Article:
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After weekly concerts during the pandemic, here’s what’s next for the Secret Garden in Old Town

Garden portion of The Rectory set up as music venue during the pandemic in 2020. (via Classical Movements)

At the height of the pandemic, Classical Movements held weekly open-air concerts with world-renowned musicians in their “Secret Garden” in Old Town North.

Business is slowly returning to its hectic pace for Neeta Helms, the organization’s founder, as she and her staff organize trips around the world for some of the biggest classical musical acts in the business. The touring company has worked in 147 countries, and produces more than 50 annual musical tours, as well as hundreds of concerts.

“For us, this garden became the sign of spring and hope,” Helms said.

While the weekly concerts are no more, there are still monthly performances at the Secret Garden.

“It was never about the money,” Helms said of the Secret Garden concerts. “For 50 distanced people at $40 a person, that’s $2,000, while we have the concert master of the Philadelphia Orchestra, concert mistress of the National Symphony Orchestra, as well as the principal and second violin, the principal viola and principal clarinet play with us. If musicians of that caliber, who play in the greatest concert halls in the world and the Kennedy Center and are back playing every week to play in our garden, that should tell everybody something.”

Classical Movements, in June 2020, was one of the first venues in the region to open their doors for live performances. Between June and December 2020 alone, they hosted 40 socially distanced one-hour-long concerts, with a few noise complaints from neighbors.

“The first violinist in the Philadelphia Symphony Orchestra, before he played, said that he hadn’t played to a live audience for 15 months,” said Johan van Zyl, the company’s senior vice president. “As he was saying that, I was sitting on the side of the stage in the back and I could see his lip quivering. He was so emotional about the fact that he was playing to a live audience. That’s the moment for me where I thought we’re doing the right thing.”

The venue has also become a popular spot for weddings.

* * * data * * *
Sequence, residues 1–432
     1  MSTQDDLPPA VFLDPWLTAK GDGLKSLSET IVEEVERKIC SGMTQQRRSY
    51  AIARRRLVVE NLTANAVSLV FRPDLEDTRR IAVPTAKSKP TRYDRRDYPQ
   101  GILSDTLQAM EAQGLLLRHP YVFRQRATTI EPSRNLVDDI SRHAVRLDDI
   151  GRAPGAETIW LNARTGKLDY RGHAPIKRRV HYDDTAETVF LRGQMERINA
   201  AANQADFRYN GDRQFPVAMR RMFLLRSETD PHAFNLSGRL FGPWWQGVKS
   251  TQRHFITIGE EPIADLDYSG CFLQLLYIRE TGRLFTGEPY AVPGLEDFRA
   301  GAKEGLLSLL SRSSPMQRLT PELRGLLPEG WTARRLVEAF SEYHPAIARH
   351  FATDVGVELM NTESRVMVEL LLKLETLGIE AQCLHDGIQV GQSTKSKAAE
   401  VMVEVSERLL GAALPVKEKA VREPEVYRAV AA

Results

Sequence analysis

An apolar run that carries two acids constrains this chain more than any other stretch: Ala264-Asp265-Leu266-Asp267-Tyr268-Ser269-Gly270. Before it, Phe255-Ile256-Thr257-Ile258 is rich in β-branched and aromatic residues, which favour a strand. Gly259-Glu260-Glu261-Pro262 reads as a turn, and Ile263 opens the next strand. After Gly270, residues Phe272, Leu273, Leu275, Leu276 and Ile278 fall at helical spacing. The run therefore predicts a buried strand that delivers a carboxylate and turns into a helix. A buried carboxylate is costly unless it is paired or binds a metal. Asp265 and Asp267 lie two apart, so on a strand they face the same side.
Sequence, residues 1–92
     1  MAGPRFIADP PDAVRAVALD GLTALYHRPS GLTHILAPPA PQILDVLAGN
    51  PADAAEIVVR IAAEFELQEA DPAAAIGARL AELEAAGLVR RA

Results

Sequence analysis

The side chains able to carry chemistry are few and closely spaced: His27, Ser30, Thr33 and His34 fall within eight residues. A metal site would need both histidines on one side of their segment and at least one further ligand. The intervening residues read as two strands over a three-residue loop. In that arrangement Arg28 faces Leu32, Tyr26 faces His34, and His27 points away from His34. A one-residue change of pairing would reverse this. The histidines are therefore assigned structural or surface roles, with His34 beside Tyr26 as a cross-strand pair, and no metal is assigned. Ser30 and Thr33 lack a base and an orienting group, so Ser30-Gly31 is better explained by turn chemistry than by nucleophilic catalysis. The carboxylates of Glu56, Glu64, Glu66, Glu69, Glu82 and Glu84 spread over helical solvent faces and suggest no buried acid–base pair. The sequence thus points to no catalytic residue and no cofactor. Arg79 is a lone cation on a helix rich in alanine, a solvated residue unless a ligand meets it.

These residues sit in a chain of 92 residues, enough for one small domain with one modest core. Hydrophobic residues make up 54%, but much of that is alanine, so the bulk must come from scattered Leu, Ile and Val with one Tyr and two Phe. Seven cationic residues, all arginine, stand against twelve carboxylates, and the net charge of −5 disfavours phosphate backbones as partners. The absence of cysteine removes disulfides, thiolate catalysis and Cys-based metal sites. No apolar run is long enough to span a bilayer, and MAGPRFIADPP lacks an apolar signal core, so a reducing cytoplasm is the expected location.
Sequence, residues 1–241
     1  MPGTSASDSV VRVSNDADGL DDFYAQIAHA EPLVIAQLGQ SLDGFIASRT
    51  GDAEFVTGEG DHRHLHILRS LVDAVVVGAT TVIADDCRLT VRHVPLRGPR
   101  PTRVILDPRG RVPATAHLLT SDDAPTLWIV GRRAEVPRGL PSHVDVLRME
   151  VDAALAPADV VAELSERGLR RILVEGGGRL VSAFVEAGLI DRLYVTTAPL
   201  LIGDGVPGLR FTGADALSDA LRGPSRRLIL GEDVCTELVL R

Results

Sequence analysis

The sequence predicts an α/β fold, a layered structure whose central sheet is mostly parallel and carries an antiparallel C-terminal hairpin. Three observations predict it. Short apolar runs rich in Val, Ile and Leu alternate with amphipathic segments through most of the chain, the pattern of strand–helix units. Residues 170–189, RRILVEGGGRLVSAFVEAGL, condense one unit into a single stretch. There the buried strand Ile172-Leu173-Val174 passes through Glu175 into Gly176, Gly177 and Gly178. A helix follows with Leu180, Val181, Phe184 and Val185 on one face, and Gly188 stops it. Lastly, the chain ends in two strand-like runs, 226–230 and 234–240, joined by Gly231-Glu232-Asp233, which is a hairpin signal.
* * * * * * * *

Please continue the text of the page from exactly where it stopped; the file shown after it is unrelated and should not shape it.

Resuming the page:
“What shocked us about Covid was that the music was singled out as one of the most dangerous things to do,” Helms said. “Choirs were identified right from the get-go, and performing music became this lethal activity. For us, we had 40-or-so tours all over the world that we had to cancel. We had to try to figure out how much money we could get back and give to our clients, which is a huge amount of money. Really what was at stake was millions of dollars.”

Helms said that the travel industry is at the whim and fancy of plagues, weather and international relations.

“We were affected by SARS and had to put tours on hold in China, or there was MERS, or there was a volcano erupting in Chile and we had to bus people 18 hours to get to a performance in Argentina,” she said. “On September 11, 2001, we had the New York Philharmonic itself flying back home from a residency in Braunschweig, Germany, and all flights were grounded until we could get everyone home four days later.”

Bucking trends musically is commonplace for Helms, whose first touring concert in Moscow’s Red Square in 1992, right after the fall of the Soviet Union, was attended by 100,000 people. The event was conducted by Russian defector Mstislav Rostropovich and featured the National Symphony Orchestra and the Choral Arts Society of Washington.

“For us in Red Square (in 1992), what was marvelous was being mobbed by people,” she said. “It was like touring with Elvis or the Beatles, because anyone in this Russia who met us gave us flowers and notes, and thanked us for the miracle of actually having music on Red Square, as opposed to demonstrations with tanks. By presenting music, it was a surprisingly revolutionary event, in hindsight.”

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